Due to these pharmacologic effects, acetazolamide has been used for years as a preventative measure for mountain climbers, to stimulate their respiratory drive and improve gas exchange despite high altitudes and low FiO2. Remember, we are seeing early reports of striking similarities between the ARDS presentations of patients with altitude sickness and those with Covid.
Now let’s put this all together. Theoretically, in a COVID patient who is alkalotic and hypoxic, acetazolamide could decrease capillary leak and edema, improve gas exchange and stimulate the respiratory drive. Adding those pharmacologic effects to the proven efficacy of and oxygen therapy, may be able to correct hypoxia and stave off the need to intubate a patient. Which is especially important when the mortality rate of a ventilated covid patient is so incredibly high.”
In High Doses, Thiamine Is Likely a Carbonic Anhydrase Inhibitor
Ozdemir et al. (2013) evaluated the relative efficacy in vitro of thiamine and several other compounds, including acetazolamide, in inhibiting three of the 16 (or more) carbonic anhydrase isoenzymes. They found that thiamine had effects similar to (though not quite as strong as) acetazolamide against all three of the isoenzymes studied. Smithline et al. (2012) evaluated the bioavailability of oral thiamine HCL (one of the two more common oral formulations of thiamine available) and found that it is well absorbed. As they write, “oral thiamine hydrochloride when given over a 1-week period produce[s] blood levels that approach those obtained by intramuscular and intravenous administration” (ibid.)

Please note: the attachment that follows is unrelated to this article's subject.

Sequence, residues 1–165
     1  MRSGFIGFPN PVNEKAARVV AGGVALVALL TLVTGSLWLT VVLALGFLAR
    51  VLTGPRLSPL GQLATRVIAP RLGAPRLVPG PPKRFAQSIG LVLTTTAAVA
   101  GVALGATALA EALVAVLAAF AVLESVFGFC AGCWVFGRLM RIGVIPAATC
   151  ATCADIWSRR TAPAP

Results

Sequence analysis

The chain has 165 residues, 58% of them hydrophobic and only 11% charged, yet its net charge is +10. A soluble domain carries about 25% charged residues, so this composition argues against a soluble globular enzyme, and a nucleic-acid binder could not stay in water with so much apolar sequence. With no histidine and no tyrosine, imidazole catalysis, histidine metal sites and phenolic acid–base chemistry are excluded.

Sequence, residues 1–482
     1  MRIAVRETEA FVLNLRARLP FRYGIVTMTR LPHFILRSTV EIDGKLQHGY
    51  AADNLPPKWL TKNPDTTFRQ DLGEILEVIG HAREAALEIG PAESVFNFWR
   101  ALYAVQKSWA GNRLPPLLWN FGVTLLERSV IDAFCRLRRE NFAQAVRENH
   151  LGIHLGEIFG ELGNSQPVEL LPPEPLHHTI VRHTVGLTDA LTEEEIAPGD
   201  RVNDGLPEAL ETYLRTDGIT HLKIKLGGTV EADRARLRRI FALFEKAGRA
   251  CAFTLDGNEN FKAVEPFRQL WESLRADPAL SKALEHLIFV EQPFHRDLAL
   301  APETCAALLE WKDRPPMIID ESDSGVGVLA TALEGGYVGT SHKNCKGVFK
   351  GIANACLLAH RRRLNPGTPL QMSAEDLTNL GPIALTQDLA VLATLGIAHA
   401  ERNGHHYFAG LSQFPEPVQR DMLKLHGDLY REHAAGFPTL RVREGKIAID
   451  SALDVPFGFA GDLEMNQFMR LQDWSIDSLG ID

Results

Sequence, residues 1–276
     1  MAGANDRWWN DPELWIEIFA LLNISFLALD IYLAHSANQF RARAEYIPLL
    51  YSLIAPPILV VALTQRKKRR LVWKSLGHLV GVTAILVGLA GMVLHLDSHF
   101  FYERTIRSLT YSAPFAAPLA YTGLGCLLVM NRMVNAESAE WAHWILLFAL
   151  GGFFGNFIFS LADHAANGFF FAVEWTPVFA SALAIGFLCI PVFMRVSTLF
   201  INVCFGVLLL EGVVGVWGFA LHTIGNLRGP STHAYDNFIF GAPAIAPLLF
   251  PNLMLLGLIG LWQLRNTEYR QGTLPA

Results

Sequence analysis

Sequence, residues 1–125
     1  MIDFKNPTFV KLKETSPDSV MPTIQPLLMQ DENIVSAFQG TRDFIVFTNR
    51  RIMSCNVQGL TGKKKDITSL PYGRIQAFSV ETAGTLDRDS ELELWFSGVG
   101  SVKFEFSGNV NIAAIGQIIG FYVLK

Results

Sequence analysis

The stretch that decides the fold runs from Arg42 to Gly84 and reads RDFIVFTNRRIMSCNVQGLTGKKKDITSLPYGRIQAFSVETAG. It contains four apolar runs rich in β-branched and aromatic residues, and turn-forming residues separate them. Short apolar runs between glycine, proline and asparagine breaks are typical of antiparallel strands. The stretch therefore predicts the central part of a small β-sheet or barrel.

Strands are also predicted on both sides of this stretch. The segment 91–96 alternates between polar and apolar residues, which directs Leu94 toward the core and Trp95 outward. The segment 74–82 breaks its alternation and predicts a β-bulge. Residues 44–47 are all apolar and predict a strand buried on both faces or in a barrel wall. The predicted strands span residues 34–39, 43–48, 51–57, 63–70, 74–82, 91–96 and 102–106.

Commenting on the results of Ozdemir et al. (2013) and Smithline et al. (2012), one Internet forum commentator noted the following:
“The highest concentration of thiamine is required to inhibit hCA I and it is 380nM/L. This figure from a human study on the pharmacokinetics of thiamine shows that this concentration is achievable using a 1,500mg dose. The concentration[s] required to inhibit the other isoenzymes of hCA were 85nM and 62nM, which are easily achieved with a thiamine dosage of 300mg – 500mg.”
Since oral thiamine HCL has a half-life of about 3-5 hours (Smithline et al. 2012) and cerebral spinal fluid regenerates every 6-8 hours, thiamine would likely need to be administered 3-5 times per day to be of maximum effectiveness.
For more than ten years, Dr. Antonio Costantini and his colleagues in Italy have used high-dose thiamine to treat a range of neurological conditions. While they seem unaware of its CAI properties, the dosages they use (for most conditions, 600 to 1,800 mg of thiamine daily, rising to 4,000 mg of thiamine daily for Parkinson’s Disease, in divided doses) are precisely those needed to reduce cerebral spinal fluid flow in light of the findings of Ozdemir et al. (2013) and Smithline et al. (2012). As I will explain in more detail in a subsequent post, I believe carbonic anhydrase inhibition provides a plausible explanation for the outcomes Costantini and his colleagues have observed, potentially in synergy with other pathways.